Burberry’s Art of the Trench social media site is now live. When Burberry announced the site a few months ago, I discussed Burberry’s brand options in creating the site. Now we can examine the site close up. Initially, the site consists of hundreds of top quality fashion shots of models/people in Burberry trench coats. You click on the photos you like, register your approval, enter a comment, or share the photo with a friend. You can even submit your own Burberry trench photo for consideration—assuming it meets the very high standards of the site.
Art of the Trench appears to be a collaboration between Burberry and Facebook, with a Burberry front end and Facebook back end. Burberry defines the brand identity and manages the “content,” while Facebook (apparently) handles key parts of the social software side. It’s as if the Burberry brand has absorbed a large segment of Burberry’s existing Facebook page. Quite seamlessly, too.
As far as I can tell, you must be a Facebook member (and sign up with Facebook Connect) to comment or submit photos to Art of the Trench.
Burberry’s brand options
In my previous post on Art of the Trench I noted that Burberry could opt for a fan site, at the lowest level of social media, or could aim higher, toward an interactive brand platform geared toward collaboration and co-creation with Burberry customers. Fan sites are marketing and PR tools. Co-creation sites are innovation tools. With the latter approach, Burberry could explore the trench as a deeper part of culture, with an eye to creating new customers in new market spaces.
A fan site
It appears that Burberry has settled for a fan site. The site’s stated purpose is “to celebrate the Burberry trench coat” as “a living document of the trench coat and the people who wear it.” To my eye the site currently seems more of a “celebration” of Burberry rather than a discovery or exploration—where Burberry might lead its customers on a unique brand journey.
As a fan site, Art of the Trench works as a rolling ad/PR campaign, where Burberry provides photographs of attractive people in stylish Burberry trench coats. As noted above, fans can click on images they like, make comments, or share photos with others. Over time, the site may have value as a means of generating customer feedback. The highly visual layout would seem to work well with an international audience, which Burberry certainly has.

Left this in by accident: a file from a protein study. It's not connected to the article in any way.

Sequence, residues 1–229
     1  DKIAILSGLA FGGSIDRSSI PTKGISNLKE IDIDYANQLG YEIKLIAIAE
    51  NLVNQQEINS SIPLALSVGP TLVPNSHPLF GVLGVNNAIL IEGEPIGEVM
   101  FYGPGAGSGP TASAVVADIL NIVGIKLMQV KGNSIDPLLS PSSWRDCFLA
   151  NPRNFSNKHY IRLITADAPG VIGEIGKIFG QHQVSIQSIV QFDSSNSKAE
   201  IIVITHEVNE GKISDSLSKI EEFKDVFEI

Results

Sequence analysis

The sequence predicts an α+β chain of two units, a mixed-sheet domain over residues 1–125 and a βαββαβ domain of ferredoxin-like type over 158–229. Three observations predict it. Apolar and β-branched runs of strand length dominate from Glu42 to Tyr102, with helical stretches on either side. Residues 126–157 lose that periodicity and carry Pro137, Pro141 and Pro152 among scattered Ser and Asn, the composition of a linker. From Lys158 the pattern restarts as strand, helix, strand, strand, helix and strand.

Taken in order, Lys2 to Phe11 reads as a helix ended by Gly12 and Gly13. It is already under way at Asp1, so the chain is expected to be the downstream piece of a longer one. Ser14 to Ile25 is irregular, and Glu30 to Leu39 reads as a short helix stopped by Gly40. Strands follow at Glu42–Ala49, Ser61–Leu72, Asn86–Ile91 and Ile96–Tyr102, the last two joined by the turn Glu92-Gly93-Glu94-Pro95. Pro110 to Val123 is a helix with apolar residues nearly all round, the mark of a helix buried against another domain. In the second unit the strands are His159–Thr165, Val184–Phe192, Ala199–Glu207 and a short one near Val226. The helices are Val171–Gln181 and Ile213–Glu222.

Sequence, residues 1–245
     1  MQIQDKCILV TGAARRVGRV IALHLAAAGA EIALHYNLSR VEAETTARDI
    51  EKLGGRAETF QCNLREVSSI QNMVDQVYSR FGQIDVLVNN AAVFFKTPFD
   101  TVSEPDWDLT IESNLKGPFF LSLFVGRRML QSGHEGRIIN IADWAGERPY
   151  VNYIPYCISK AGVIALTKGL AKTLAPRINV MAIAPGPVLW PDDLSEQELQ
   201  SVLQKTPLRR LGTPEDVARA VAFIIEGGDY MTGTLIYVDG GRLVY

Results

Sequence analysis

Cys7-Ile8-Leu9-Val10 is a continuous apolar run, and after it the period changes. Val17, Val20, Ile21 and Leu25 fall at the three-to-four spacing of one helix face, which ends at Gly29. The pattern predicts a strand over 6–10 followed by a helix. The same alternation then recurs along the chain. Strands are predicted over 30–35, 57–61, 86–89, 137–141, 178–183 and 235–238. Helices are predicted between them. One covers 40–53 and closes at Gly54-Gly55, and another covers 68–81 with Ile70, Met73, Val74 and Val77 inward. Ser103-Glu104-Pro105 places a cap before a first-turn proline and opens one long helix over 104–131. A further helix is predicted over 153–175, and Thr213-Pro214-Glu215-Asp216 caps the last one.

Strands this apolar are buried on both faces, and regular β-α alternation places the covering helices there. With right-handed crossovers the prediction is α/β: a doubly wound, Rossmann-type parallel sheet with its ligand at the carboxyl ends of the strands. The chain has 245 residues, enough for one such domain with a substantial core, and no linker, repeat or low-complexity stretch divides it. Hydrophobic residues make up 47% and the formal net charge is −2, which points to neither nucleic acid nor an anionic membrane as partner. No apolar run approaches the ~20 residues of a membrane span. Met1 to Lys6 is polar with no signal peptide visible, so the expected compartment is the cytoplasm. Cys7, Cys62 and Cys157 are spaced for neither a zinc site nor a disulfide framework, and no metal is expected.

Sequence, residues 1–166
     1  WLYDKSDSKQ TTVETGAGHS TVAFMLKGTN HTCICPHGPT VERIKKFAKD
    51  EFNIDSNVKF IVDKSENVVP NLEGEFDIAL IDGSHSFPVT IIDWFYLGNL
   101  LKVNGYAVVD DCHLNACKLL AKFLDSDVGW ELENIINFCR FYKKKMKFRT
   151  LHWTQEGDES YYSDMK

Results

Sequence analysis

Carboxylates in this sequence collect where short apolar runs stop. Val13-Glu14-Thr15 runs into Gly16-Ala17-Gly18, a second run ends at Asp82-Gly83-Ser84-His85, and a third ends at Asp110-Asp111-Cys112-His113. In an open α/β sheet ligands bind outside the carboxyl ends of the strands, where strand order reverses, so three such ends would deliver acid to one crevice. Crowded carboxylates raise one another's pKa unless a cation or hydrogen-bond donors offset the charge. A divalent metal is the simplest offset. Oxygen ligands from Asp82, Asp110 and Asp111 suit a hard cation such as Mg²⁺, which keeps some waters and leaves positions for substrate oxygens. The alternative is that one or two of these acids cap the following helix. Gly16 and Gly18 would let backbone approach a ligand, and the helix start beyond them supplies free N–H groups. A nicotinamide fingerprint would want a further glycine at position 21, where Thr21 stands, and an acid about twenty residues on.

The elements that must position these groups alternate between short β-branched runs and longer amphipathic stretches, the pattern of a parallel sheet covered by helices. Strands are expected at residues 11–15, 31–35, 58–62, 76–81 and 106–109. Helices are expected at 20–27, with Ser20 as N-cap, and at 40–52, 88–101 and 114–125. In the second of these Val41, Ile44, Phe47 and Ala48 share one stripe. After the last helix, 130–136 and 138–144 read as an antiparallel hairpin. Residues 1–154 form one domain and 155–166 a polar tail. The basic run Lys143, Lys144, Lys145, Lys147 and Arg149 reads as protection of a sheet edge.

The Art of the Trench does not seem to encourage high levels of user interaction. I did not see the word “interactive” on the site. (I may have missed it.) Burberry states that it wants customers to be “involved,” but the level of involvement seems constrained. As a fan, one’s role is mostly to “celebrate” Burberry. Only positive clicks (“I like it”) are allowed. There doesn’t appear to be any mention that fans are part of any Burberry team.
Submit your own photo—but don’t expect too much
A key “social” feature of Art of the Trench is that users can submit their own photos. A photo must be portrait orientation, outdoor, with the submitter or a friend wearing a Burberry trench. However, fans who submit photos should not set their hopes too high. From Burberry’s content guidelines:
We will use our absolute discretion when selecting photographs for inclusion on the Site. Please do not email us asking why your photograph has not been selected. You should expect only a very few photographs are likely to be selected. We hope you will not be disappointed if your photograph does not make it.
I’m assuming Burberry would reject unsuitable photos with a polite “thank you” note, as befits a classy company.
Burberry and the brand dilemma
Sooner or later every brand finds itself on the horns of a dilemma. It needs an iron fist to manage its brand identity, yet it also needs an open hand to join with its customers, since it has no future without them. Every brand vacillates, vibrates ping-pongs between these two poles. Some years back Burberry had its brand hijacked by Chavs, with devastating results, so it’s no surprise to see Burberry today in a mode of absolute and total control.
The questions: Is the “open hand” fan site of Art of the Trench sufficient to create and retain customers? Can Burberry get by with customers who are “involved,” but not really “interactive” with the brand?
The potential weakness of Burberry’s approach
The potential weakness of Burberry’s Art of the Trench approach is that it’s a brand stage, and not a brand platform. It can style and pose before its fans, but it cannot leverage them strategically. Burberry’s biggest threat is that a competitor will change the brand game and leverage its customers in ways that an iron-fisted Burberry cannot. The challenger doesn’t have to create a better (or more fashionable) trench coat to do this. It needs to create a different (and deeper) customer context of the trench. Social media, the open hand par excellence, may be the lever.
For brands, there’s also the possibility that sites like Art of the Trench may in fact look backward, rather than forward. The future may belong to personal brand applications, where the brand is a direct drive, with no need to be staged.
Burberry’s Twitter page (@Burberry) announces the Art of The Trench mission as, “A living celebration of the trench coat and the people who wear it.” That’s an all-inclusive statement that some might interpret as going beyond the Burberry brand proper. It could work wonderfully for Burberry, but I sense that the site is focused exclusively on the Burberry brand.